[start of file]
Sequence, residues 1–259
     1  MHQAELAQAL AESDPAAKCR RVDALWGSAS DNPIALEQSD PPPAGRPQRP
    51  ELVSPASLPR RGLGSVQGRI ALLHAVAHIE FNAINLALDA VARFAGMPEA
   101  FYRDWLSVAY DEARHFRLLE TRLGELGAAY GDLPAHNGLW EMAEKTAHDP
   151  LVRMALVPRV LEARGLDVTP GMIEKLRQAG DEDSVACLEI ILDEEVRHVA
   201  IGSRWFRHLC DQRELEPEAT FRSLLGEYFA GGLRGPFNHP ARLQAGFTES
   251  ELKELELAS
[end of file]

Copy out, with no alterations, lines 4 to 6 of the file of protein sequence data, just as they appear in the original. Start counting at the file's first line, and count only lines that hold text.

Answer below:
   101  FYRDWLSVAY DEARHFRLLE TRLGELGAAY GDLPAHNGLW EMAEKTAHDP
   151  LVRMALVPRV LEARGLDVTP GMIEKLRQAG DEDSVACLEI ILDEEVRHVA
   201  IGSRWFRHLC DQRELEPEAT FRSLLGEYFA GGLRGPFNHP ARLQAGFTES